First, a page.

We propose to remove the requirements at Sec.  482.41(b)(4) related 
to the phase-in period for compliance with emergency lighting. In the 
2003 final rule, we allowed facilities until March 13, 2006, to upgrade 
their emergency lighting equipment. This phase-in period has now ended, 
and all facilities should be in compliance. Therefore, this phase-in 
provision is no longer a necessary regulatory requirement.
    We propose to remove the requirements at Sec.  482.41(b)(5) related 
to phase-in period of the prohibition on roller latches in health care 
facilities. This provision allowed hospitals a 3 year period to replace 
all existing roller latches. This phase-in period has now expired and 
all facilities should be in compliance. Therefore, this phase-in 
provision is no longer a necessary regulatory requirement.
    We propose to retain the requirements at Sec.  482.41(b)(7) through 
(b)(8), and would redesignate them at Sec.  482.41(b)(4) through 
(b)(6), without changes.
    In addition, we propose to modify the requirements specific to 
ABHRs since most of the requirements are now located in the 2012 
edition of the LSC. We proposed to remove the requirements at Sec.  
482.41(b)(9)(i), (ii), (iv) and (v). We propose to retain the 
requirement at Sec.  482.41(b)(9)(iii) related to protection against 
inappropriate access, and would redesignate it at Sec.  482.41(b)(7).
    We are proposing to add a new requirement at Sec.  482.41(b)(8) 
that would require a facility with a sprinkler system that is out of 
service for more than 4 hours in a 24-hour period to evacuate the 
building or portion of the building affected by the system outage, or 
establish a fire watch until the system is back in service, 
notwithstanding the lower standard of the 2012 LSC.
    We are also proposing to add a new requirement at Sec.  
482.41(b)(9) that would require facilities with windowless 
anesthetizing locations to have a supply and exhaust system that 
automatically vents smoke and products of

[[Page 21566]]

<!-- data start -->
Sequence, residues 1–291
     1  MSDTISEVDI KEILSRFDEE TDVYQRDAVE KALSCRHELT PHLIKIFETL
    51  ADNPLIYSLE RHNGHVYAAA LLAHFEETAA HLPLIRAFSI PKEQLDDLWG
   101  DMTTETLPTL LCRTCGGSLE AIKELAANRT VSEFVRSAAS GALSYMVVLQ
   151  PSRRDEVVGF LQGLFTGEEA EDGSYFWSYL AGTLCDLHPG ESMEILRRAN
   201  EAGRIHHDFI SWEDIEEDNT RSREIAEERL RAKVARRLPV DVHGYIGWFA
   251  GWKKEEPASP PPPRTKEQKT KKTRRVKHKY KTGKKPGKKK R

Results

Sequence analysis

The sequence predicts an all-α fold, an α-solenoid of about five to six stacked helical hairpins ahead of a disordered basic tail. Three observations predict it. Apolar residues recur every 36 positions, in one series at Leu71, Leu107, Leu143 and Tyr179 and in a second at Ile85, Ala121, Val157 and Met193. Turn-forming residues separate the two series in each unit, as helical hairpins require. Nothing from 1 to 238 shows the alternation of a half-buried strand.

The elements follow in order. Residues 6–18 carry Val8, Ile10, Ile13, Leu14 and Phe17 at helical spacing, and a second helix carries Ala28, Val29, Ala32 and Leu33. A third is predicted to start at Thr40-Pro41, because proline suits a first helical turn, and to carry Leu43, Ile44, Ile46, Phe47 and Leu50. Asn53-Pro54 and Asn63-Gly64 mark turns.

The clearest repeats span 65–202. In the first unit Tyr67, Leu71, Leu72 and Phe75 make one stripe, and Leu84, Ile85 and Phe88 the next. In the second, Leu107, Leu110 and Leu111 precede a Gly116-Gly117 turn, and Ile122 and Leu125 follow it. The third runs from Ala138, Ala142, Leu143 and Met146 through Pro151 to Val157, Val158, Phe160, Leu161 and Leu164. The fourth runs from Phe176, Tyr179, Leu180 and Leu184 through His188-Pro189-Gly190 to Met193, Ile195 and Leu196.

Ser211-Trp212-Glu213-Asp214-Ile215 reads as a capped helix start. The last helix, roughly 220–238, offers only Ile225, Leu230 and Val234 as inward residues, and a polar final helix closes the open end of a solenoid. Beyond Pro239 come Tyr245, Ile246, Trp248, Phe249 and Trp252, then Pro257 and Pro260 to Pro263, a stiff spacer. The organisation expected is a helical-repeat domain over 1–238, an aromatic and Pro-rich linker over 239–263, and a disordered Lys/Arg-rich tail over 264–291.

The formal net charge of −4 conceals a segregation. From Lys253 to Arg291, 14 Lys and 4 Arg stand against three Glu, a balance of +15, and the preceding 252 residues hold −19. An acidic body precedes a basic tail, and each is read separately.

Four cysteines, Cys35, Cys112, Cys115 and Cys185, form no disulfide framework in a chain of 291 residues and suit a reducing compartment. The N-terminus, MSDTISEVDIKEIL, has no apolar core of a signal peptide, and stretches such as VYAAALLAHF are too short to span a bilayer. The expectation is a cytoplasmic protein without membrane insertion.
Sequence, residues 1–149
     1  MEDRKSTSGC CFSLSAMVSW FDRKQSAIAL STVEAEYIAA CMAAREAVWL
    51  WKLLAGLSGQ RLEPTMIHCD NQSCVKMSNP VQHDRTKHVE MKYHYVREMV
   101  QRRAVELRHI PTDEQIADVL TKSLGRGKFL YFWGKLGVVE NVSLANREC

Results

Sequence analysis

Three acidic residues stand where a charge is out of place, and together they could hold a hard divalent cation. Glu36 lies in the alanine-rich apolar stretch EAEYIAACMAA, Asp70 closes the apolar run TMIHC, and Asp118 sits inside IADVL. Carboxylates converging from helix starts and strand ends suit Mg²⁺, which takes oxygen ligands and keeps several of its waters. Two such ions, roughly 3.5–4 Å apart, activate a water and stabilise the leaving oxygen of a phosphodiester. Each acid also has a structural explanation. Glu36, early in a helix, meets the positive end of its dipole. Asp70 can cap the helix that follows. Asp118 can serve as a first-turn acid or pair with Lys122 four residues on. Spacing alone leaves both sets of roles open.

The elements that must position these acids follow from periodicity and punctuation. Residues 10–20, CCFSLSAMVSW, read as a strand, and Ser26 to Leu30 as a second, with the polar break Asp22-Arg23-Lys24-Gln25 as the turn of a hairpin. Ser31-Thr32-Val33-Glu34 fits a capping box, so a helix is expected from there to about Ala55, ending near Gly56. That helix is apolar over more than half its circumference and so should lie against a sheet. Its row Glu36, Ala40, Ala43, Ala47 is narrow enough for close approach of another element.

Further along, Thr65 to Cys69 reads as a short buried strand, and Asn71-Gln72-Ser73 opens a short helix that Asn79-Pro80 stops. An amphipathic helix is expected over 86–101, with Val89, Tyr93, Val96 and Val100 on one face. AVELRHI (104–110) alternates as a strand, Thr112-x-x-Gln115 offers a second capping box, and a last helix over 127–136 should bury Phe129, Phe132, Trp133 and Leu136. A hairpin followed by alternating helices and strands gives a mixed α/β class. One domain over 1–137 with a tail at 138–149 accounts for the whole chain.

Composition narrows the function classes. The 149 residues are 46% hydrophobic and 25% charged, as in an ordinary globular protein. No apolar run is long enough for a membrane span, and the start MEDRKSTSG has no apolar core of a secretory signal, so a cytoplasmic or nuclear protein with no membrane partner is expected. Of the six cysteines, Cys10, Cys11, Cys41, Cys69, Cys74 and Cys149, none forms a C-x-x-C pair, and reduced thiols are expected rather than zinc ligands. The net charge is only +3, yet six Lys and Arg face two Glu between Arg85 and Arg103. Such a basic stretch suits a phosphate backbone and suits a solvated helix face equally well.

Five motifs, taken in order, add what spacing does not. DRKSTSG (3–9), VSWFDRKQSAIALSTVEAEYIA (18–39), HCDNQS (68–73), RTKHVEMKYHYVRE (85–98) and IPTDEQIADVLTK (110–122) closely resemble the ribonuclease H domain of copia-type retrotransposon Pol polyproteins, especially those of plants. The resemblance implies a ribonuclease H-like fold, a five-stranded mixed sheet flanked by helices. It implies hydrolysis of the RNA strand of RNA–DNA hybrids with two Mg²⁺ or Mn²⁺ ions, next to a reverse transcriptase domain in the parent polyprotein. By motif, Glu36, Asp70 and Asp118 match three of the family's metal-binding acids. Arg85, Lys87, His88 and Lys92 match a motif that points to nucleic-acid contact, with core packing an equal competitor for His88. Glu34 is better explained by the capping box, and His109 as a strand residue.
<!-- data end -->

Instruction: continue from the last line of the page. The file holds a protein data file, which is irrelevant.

combustion, prevents recirculation of smoke originating within the 
surgical suite, and prevents the circulation of smoke entering the 
system intake.
    We also propose to add a new requirement at Sec.  482.41(b)(10) 
that would retain the majority of the 36 inch window sill requirement 
that was in the 2000 edition of the LSC. Newborn nurseries and rooms 
intended for occupancy for less than 24 hours, such as those housing 
obstetrical labor beds, and recovery beds would be exempt from the 
window sill height requirement. The 2000 edition of the LSC allowed for 
observation beds in the emergency department to be exempt from the 36 
inch window sill requirement. However, we do not propose to incorporate 
an exemption for observation beds, because they are frequently occupied 
for greater than 24 hours. Therefore, observation beds would be 
required to meet the 36 inch window sill requirement. Window sills in 
special nursing care areas, such as those housing an intensive care 
unit, critical care unit, hemodialysis, and neonatal patients, would 
not exceed 60 inches.
    We are proposing to add a new paragraph at Sec.  482.41(c) that 
would require hospitals to comply with the 2012 edition of the NFPA 99. 
We propose that chapters 7, 8, 12, and 13 would not apply to hospitals. 
We also propose to allow for waivers of these provisions under the same 
conditions and procedures that we currently use for waivers of 
applicable provisions of the LSC.

6. Long-Term Care Facilities: Condition of Participation: Physical 
Environment (Sec.  483.70)

    We propose to retain most of the provisions of the existing final 
regulation for long-term care facilities published in the Federal 
Register on January 10, 2003 (68 FR 1374) regardless of the number of 
residents the facility serves. We propose to retain the requirements at 
Sec.  483.70(a)(1)(ii) related to the prohibition of roller latches in 
health care facilities. We are proposing to update the LSC chapter